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topic 56573

Galvanizing Pot Temperature -- Ideal zinc temperature for galvanizing?



A discussion started in 2009 & continuing through 2017

April 8, 2009

Q. Sir, I am facing a huge problem to set zinc melted temperature for galvanizing how much temperature should be there for zinc according to you for hot dip galvanizing.

Manish Gupta
shop - Delhi, India


Hot Dip Galvanizing

May 6, 2009

A. Sir,

Most North American galvanizers use about 840 °F for hot dip galvanizing. This can vary depending on a number of things.

Regards,

Dr. Thomas H. Cook
Galvanizing Consultant - Hot Springs, South Dakota


May 8, 2009

A. In Europe, 450 °C seems to be the average, but I've seen as low as 440 and up to 460.
Of course at these temperatures the precision of the instrument should not be overlooked. Is 450 indicated exactly 450?

Geoff Crowley
Geoff Crowley
galvanizing & powder coating shop
Glasgow, Scotland




To minimize searching and offer multiple viewpoints, we've combined multiple threads into the dialog you're viewing. Please forgive any resultant repetition or failures of chronological order.



January 20, 2011

Q. Dear Sir,

Please tell me why we maintain pot temperature 460 °C only? what happens if I increase or decrease pot temperature?

Prashant Khirwadkar
Steel Employee - Ras-Al-Khaimah, U.A.E.


simultaneous January 20, 2011

A. Dear Sir,

From what I've gather in this forum, there are a few recommendations for optimum temp (to achieve minimum thickness).
i) 442 °C
ii) 443 °C
iii) 445-450 °C
I believe that these variations may be due to the difference in kettle design, location of the temp sensor and other factors. Any temp below or above these range is expected to cause an increase in coating thickness.

Regards,

CS Leong
- Selangor, Malaysia

January 21, 2011

A. Dear Prashant.

You have to maintain your temperature in between 450 - 560 to achieve better quality as well as control the zinc coatings. Over and above life of kettle also depend on the zinc temp as well as also effect on Dross formation.

Ilesh G Vyas
Gunatit Builders
supporting advertiser
Manjalpur, Vadodara, Gujarat
gunatit builders


January 21, 2011

A. Dear Sir,

The recommendations in my previous post is for General Galvanizing. Temp recommendation for Continuous Line will be different.

Regards,

CS Leong
- Selangor, Malaysia

January 25, 2011

A. For a steel kettle the temp is likely to be set at 450 °C +/- 5. (445-455). Much higher than this (>460) and your kettle life will be dramatically reduced. You should expect approx. 10 years or 100,000 tonnes from a kettle. If you ran your zinc in a steel kettle at say 470, you might half the life, 500 it might do well to last a few weeks!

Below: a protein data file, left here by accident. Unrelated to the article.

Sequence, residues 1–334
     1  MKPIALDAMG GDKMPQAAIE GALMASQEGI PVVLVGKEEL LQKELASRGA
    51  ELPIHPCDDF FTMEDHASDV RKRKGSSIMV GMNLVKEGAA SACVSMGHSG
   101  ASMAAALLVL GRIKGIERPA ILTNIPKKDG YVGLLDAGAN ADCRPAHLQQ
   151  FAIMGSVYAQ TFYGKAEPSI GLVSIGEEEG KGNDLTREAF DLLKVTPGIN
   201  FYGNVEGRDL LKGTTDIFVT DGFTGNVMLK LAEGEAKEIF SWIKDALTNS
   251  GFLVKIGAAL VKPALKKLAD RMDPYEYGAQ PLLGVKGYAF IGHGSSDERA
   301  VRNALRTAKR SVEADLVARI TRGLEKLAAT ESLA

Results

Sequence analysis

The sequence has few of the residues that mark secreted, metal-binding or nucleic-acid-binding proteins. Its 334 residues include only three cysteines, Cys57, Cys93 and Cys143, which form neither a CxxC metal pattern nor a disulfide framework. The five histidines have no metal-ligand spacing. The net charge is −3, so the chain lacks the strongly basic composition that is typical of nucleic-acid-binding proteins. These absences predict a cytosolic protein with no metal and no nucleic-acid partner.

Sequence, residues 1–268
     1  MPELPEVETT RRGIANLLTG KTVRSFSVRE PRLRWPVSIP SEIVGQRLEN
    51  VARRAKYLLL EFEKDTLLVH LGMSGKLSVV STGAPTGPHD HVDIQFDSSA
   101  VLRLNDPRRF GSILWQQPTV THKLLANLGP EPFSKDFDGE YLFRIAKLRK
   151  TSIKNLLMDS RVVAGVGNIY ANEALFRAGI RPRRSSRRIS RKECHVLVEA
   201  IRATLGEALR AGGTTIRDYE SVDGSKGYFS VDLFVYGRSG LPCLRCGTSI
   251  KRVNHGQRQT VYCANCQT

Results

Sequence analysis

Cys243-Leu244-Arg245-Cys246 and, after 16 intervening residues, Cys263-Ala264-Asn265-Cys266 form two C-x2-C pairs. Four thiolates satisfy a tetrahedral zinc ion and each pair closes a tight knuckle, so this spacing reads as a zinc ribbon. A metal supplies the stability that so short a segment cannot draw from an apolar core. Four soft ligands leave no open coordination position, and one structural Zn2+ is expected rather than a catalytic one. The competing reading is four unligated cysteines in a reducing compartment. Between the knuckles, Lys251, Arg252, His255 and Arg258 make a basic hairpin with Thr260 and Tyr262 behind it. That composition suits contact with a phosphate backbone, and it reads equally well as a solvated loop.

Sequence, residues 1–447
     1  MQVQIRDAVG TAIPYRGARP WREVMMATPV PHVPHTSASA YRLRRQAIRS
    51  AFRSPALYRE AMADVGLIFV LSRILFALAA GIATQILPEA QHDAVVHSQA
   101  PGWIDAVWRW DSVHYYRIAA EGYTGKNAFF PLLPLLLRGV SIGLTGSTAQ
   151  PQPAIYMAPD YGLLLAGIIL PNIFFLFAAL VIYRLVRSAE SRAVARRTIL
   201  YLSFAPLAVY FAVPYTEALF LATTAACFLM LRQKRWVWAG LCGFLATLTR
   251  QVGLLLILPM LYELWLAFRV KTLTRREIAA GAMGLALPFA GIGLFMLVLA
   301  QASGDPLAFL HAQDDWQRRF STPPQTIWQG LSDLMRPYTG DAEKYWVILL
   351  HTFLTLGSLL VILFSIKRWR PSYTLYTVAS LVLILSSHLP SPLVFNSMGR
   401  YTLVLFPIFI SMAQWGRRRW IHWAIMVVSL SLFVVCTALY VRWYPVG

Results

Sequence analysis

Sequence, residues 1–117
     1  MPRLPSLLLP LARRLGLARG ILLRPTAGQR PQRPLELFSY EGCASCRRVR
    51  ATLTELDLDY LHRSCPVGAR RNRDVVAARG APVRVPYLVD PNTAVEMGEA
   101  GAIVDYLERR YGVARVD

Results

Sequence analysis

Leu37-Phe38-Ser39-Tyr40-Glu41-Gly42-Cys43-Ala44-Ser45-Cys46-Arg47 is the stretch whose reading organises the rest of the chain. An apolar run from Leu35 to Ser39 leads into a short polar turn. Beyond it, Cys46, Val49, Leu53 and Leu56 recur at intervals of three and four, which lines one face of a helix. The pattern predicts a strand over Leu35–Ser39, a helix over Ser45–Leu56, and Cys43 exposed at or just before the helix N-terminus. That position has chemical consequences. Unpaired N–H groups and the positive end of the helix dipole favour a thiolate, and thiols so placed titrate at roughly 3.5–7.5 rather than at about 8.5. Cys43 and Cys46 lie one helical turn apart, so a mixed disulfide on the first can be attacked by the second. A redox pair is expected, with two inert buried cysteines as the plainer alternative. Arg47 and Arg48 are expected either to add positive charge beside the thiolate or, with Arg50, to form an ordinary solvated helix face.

Zinc melting point is 419. You need enough heat to heat the steel (don't want to immerse a load and freeze the whole kettle), and to retain some fluidity on withdrawal.

Ceramic kettles are required for higher temperatures.

But in all this remember to take account of the accuracy of your measuring system. If it say +/- 1%, then a reading of 450 might really be between 445 and 455.

Geoff Crowley
Geoff Crowley
galvanizing & powder coating shop
Glasgow, Scotland




September 28, 2017 -- this entry appended to this thread by editor in lieu of spawning a duplicative thread

Q. Dear Sirs,

In the standard, EN ISO 10684: Fasteners-Hot dip galvanized coatings.
Its stated in p5.5 that "galvanizing shall not be carried out at bath temperatures between 408^480 and 530 degree Celsius".

Why? What happens to the steel?

Kind regards,

Ulf Larsson
- Sweden


October 1, 2017

A. Firstly the melting point of zinc is about 419 °C, so clearly to immerse steel in zinc the temperature must be higher than that. In practice not many operate at less that about 435 °C.
Galvanizing isn't just a dip coating, rather its an alloying reaction. An alloy (a mixture of zinc and iron) forms on the surface of the steel. The rate the alloy forms is dependent on several factors, but primarily the chemistry of the steel (especially Si and P), and the temperature of the zinc.
Hotter = faster generally, but it's not linear. There's a spike of reactivity at about 530 °C where the reaction takes place several times faster.
Now from that you might think speed is good, but consider this.. The zinc must be contained in something. That is a steel tank, externally heated. And that tank is also reacting with the zinc, forming alloy, and that consumes the steel tank slowly.
So at 530 °C, a tank that starts at 50 mm thick might last a few weeks until it's too thin to be safe (perhaps 25 mm). But at 450 °C it should last 12 years or 120,000 tonnes processed whichever comes first.
So, while the standard allows for a wide variation in temperatures, practical considerations mean a more likely range of 440-460 °C.
It is possible to contain zinc in a ceramic tank, but heating the zinc is a lot less efficient both is terms of energy consumption, and in oxidation losses of the zinc, so that method is rare now, and becoming more rare.

Geoff Crowley
Geoff Crowley
galvanizing & powder coating shop
Glasgow, Scotland



October 3, 2017

Q. Hi Geoff,
Thanks for your answer.
I noticed that i wrote wrong figures in the text, i mean temperatures between 480-530 degree Celsius.
We galvanize in both low and high temperature, and we are aware of what "wrong" temperature can do to the steel so we use both ceramic and steel kettle.
But why does the standard warn us for galvanize in that temperature range?
Over 480 the zinc becomes very reactive/aggressive to the steel in the kettle, but that can't be the reason for the warnings?

There must be some other disadvantage buy doing that? or ??

kind regards,

ulf

Ulf Larsson [returning]
- Sweden, Sweden



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